Sifting and winnowing

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"Sifting and winnowing" commemorative plaque

Sifting and winnowing is a metaphor for the academic pursuit of truth affiliated with the University of Wisconsin–Madison. It was coined by UW President Charles Kendall Adams in an 1894 final report from a committee exonerating economics professor Richard T. Ely of censurable charges from state education superintendent Oliver Elwin Wells. The phrase became a local byword for the tenet of academic freedom.

History[edit]

Professor Richard T. Ely, whose work sparked a state challenge to academic freedom

In the 1890s, University of Wisconsin economics professor Richard T. Ely's philosophy and radical practice came under fire from state education superintendent Oliver Elwin Wells.[1] Ely was known to be liberal and pro-union, having published a book on socialism.[1] Wells protested Ely's socialist beliefs, teaching, and public speaking to UW president Charles Kendall Adams and the Board of Regents, who did not censure Ely.[1] A committee appointed to address the charges produced a report that exonerated Ely upon acceptance by the regents.[1] The report introduced the idea of "sifting and winnowing":[1]

UW–Madison President Adams, who coined the phrase

Ely later referred to the report as the "Wisconsin Magna Charta" for its guarantees of academic freedom in pursuit of truth.[3] In Decades of Chaos and Revolution, Stephen J. Nelson contends that UW's sentiment on academic freedom had been set "well before" the 1890s.[1] He added that the 1894 statement "sounds the trumpet of the fundamental principles of the academy: an unending, unlimited belief in the creed of academic freedom and inquiry."[1]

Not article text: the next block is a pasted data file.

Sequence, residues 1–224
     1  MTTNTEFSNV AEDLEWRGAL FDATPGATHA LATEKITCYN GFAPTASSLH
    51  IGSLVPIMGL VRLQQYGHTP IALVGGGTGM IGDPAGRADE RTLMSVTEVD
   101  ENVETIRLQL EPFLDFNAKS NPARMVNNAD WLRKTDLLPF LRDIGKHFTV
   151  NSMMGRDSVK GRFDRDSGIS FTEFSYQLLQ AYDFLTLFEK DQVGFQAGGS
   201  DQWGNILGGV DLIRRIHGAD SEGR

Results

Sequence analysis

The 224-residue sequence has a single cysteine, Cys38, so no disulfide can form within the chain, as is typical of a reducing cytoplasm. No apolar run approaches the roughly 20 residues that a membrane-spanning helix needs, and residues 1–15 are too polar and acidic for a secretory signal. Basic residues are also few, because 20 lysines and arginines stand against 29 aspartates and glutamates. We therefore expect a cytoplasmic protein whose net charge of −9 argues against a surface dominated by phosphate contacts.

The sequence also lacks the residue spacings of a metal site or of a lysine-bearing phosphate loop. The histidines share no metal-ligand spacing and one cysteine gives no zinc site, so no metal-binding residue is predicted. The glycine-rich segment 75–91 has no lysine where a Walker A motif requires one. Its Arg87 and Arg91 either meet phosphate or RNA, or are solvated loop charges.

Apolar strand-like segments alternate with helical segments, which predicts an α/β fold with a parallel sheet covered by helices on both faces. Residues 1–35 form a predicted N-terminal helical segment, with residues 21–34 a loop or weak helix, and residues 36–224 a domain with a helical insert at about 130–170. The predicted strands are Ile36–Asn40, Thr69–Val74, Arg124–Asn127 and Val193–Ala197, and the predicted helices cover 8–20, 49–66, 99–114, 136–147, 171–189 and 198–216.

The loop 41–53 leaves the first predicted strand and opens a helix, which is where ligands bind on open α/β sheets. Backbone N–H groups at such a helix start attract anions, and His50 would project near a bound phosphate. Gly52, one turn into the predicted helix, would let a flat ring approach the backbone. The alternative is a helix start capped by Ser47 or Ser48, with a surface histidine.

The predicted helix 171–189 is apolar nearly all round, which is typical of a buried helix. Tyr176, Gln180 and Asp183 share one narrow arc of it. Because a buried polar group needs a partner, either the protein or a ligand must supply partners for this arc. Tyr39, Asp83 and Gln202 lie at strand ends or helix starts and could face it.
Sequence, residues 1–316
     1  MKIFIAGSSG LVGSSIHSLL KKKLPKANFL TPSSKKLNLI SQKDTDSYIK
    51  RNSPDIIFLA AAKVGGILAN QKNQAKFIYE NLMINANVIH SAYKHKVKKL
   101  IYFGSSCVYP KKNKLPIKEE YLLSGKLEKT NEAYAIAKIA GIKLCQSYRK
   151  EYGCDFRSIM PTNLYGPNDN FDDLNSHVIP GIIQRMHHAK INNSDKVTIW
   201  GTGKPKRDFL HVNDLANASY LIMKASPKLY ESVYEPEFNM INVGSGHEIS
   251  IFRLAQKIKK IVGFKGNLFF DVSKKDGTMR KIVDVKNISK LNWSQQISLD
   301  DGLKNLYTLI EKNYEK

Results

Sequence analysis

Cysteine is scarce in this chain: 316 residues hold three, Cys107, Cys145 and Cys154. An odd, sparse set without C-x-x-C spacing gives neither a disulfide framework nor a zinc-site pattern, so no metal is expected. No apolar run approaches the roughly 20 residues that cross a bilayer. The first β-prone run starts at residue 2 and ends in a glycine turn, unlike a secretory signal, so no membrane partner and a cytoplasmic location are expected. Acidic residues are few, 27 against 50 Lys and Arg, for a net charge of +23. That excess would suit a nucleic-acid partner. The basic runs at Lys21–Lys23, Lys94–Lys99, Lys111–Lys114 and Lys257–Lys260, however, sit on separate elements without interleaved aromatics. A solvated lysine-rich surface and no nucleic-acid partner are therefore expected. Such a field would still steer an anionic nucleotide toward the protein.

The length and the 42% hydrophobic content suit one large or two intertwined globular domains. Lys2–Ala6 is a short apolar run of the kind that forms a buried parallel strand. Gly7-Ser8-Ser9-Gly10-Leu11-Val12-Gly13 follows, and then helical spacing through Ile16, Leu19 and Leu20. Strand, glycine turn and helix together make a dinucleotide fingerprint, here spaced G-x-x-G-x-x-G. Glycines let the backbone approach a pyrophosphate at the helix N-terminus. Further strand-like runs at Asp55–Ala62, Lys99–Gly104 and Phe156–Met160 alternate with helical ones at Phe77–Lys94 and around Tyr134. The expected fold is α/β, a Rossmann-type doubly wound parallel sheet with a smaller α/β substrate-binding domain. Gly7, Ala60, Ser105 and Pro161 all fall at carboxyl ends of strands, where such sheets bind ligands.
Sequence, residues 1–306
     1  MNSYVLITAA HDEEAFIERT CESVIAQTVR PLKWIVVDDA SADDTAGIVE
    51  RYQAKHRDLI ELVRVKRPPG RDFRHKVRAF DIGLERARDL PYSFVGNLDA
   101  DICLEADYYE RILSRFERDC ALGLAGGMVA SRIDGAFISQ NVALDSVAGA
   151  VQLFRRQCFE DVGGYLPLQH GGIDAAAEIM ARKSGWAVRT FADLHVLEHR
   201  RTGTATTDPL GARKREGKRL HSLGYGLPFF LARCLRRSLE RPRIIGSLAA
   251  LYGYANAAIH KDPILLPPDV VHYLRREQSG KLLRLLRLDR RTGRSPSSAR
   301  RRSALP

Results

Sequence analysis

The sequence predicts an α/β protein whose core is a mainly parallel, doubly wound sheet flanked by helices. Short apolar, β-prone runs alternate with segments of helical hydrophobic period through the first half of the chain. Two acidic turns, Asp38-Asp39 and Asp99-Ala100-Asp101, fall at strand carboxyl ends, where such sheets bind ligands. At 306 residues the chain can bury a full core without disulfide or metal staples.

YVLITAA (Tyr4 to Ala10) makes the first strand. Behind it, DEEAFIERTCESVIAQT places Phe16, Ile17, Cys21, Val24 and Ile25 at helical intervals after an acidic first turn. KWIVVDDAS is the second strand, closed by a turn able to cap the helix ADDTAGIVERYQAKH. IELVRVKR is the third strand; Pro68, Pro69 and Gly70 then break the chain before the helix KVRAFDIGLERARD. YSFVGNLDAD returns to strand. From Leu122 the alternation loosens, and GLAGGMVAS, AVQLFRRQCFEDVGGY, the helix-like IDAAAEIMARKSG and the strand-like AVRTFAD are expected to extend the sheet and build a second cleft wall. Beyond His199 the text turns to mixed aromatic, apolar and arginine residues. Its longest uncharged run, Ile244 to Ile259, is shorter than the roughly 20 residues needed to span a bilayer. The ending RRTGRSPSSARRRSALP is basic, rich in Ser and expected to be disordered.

The "sifting and winnowing" construction was coined by Adams, the UW president, who had defended Ely publicly and read his book.[3] It was later invoked by UW–Madison Chancellor Robben Wright Fleming when responding to protestors during his tenure.[4]

In a later incident, sociology professor Edward Alsworth Ross was censured upon inviting anarchist Emma Goldman to address his class.[5] He did not share her beliefs, but supported her free speech.[5] In memorial of the incident, the Class of 1910 created a commemorative "sifting and winnowing" plaque of the phrase in its context, which the regents rejected.[5] After the Class appealed to area newspapers, the regents relented.[5] The plaque was installed on Bascom Hall in 1915, where it remains.[5] It was rededicated in 1957.[5]

References[edit]

  1. ^ a b c d e f g Nelson 2012, p. 45.
  2. ^ Herfurth 1949, ch. 1.
  3. ^ a b Nelson 2012, p. 46.
  4. ^ Nelson 2012, p. 44.
  5. ^ a b c d e f "Letters & Science 101 - Traditions: Sifting and Winnowing". University of Wisconsin–Madison College of Letters and Science. February 16, 2012. Archived from the original on November 8, 2013. Retrieved November 8, 2013. 

Bibliography[edit]